Dr. Si-Chee Tsay

Dr. Si-Chee Tsay

Deputy Terra Project Scientist


Mail Code 613
NASA/Goddard Space Flight Center
Greenbelt, MD 20771
USA

Phone: (301) 614-6188
Email: si-chee.tsay-1 at nasa.gov

B.S. in Atmospheric Sciences from the National Taiwan University (Taipei, Taiwan) in 1977, and M.S. and Ph.D. in Atmospheric Sciences from the University of Alaska in 1982 and 1986, respec­tively. Joined Goddard Space Flight Center as a Physical Scientist in the Laboratory for Atmospheres since 1994. Visiting Scientist in the Universities Space Research Association, Goddard Space Flight Center, between 1990 and 1994, and Research Scientist in the Department of Atmospheric Science, Colorado State University (Fort Collins, Colorado) from 1986 to 1990. Appointed Adjunct Research Associate Professor at the Geophysical Institute, University of Alaska, 1992-1998, and Adjunct Professor at the Earth Systems Science Interdisciplinary Center, University of Maryland since 2002 and actively involved in M.S. and Ph.D. thesis advising. Awarded NASA Exceptional Scientific Achievement Medal in 2002 and NASA Outstanding Leadership Medal in 2008, among numerous achievement awards. Served as member of the FIRE/CRYSTAL-FACE, EOS/MODIS/CERES, DOE/ARM Science Teams, NASA/ESTO Spectrometry/Data-Compressing Team, EPA, ONR & NASA Aerosol Science Teams, and EOS/Terra deputy project scientist since 2000.

Authored over 100 papers published in refereed scientific journals, in addi­tion to many scientific/technical reports and book chapters. One paper has received frequent cita­tions since its publication in 1990 for the review of absorption of solar radiation by clouds. Another heavily cited (>1,200) paper/code is the 1988 theoretical radiative transfer algorithm in multiple scattering and emitting layered media. It was also selected in theSPIE Milestone Series on “Scattering in the Atmosphere.” This radiative transfer code (DisORT) and other (e.g., STRATS, AeroMie, etc.) first-class computer codes are freely distributed and widely used by the scientific communities.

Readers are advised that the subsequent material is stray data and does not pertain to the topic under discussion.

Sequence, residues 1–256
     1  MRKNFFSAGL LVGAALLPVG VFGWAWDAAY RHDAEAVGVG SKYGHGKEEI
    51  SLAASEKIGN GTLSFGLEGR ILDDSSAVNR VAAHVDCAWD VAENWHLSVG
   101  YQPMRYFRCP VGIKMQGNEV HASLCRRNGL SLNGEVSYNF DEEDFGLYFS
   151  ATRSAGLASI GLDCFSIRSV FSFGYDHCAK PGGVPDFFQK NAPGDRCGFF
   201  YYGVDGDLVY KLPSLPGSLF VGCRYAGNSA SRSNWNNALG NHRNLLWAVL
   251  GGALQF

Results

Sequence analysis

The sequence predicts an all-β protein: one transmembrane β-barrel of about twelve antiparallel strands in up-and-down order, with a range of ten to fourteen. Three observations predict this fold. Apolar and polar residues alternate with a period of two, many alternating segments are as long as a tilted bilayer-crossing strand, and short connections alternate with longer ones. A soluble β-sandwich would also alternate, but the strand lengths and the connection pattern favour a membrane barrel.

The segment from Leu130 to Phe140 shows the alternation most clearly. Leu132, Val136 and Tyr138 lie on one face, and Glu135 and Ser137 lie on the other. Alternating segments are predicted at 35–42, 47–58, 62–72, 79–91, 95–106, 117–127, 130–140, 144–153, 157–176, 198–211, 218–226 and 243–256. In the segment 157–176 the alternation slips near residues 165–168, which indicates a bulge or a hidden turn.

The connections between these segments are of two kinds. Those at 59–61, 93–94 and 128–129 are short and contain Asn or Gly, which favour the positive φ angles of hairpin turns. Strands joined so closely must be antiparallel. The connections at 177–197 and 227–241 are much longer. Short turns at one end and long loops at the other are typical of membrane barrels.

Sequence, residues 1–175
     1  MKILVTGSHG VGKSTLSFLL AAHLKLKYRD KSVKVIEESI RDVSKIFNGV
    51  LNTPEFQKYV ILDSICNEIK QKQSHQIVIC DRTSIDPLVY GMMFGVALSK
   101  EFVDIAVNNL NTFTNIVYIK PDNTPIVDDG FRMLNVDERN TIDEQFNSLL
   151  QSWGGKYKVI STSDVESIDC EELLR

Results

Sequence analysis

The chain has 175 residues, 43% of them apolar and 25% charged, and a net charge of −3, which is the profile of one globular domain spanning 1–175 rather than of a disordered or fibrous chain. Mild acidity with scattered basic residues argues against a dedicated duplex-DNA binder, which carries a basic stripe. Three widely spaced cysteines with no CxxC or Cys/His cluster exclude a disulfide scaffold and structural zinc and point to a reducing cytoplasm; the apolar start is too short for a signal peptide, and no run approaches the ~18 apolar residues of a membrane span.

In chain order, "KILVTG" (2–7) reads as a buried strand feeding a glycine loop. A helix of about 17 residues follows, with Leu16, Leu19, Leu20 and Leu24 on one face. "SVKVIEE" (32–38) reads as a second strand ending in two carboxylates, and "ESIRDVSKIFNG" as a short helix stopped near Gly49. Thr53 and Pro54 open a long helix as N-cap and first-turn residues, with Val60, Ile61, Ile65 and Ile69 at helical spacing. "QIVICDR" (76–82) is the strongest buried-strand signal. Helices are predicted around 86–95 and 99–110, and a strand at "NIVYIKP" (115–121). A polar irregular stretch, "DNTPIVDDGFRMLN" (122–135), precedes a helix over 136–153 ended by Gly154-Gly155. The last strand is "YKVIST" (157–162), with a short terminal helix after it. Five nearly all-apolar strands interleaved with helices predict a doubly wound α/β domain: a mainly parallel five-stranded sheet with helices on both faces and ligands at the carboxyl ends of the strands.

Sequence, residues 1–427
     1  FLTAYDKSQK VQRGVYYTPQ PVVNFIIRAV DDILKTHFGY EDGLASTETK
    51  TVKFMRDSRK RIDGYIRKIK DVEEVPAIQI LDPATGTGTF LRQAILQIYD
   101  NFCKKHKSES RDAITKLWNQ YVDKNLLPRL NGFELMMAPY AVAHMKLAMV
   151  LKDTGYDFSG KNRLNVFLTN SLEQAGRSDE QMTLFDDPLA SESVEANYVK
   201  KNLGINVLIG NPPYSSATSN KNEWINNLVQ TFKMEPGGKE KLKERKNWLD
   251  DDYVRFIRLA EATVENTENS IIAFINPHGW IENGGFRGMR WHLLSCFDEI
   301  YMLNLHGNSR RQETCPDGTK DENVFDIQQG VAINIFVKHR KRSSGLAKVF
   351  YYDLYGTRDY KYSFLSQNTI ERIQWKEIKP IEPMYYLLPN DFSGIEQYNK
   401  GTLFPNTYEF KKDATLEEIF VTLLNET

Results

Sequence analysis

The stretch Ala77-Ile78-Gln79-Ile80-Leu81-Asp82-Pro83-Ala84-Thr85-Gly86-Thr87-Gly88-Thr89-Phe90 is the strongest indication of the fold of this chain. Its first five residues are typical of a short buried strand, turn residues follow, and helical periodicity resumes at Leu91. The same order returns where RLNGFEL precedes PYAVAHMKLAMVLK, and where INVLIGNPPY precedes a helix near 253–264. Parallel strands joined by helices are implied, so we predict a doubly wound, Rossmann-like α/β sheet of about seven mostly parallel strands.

Besides theoretical developments in radiative transfer (1-D and 2-D), recent research experience includes science planning and operating remote-sensing sensors and in-situ probes from suborbital platforms in field exper­iments to study aerosol, cloud and surface properties, and to aid in the development of atmospheric and land remote sensing and retrieval algorithms under NASAÕs Earth System Science projects. Building and deploying a suite of surface remote-sensing and in-situ instrumentation (http://smartlabs.gsfc.nasa.gov/, SMART, COMMIT, and ACHIEVE mobile laboratories) to compare and validate satellite measurements. Actively participated in many national and international field experiments in the past decade: PRIDE(Puerto RIco Dust Experiment), Puerto Rico, June-July 2000; SAFARI (Southern Africa Fire-Atmosphere Research Initiative), southern Africa, Aug-Sep 2000; ACE-Asia (Aerosol Characterization Experiment –Asia), eastern Asia, March-May 2001; CRYSTAL-FACE (Cirrus Regional Study of Tropical Anvils and Cirrus Layers – Florida Area Cirrus Experiment), Florida, July 2002; UAE2 (United Arab Emirates United Aerosol Experiment), Arabian Gulf, Aug-Sep 2004; EAST-AIRE (East Asian Study of Tropospheric Aerosols: an International Regional Experiment), China, Feb-July 2005;BASE-ASIA (Biomass-burning Aerosols in South East-Asia: Smoke Impact Assessment), Thailand, Feb-May 2006; NAMMA (NASA African Monsoon Multidisciplinary Activities), Cape Verde, Aug-Sep 2006; CHINA2-AMY08 (Cloud, Humidity Interacting Natural/Anthropogenic Aerosols in Asian Monsoon Year-2008), China, April-Oct 2008; RAJO-MEGHA (Radiation, Aerosol Joint Observations - Monsoon Experiment in Gangetic-Himalayas Area), Nepal and India, April-June 2009; 7-SEAS/Dongsha (7-South East Asian Stdies/Dongsha), Dongsha islands, Taiwan, March-June 2010.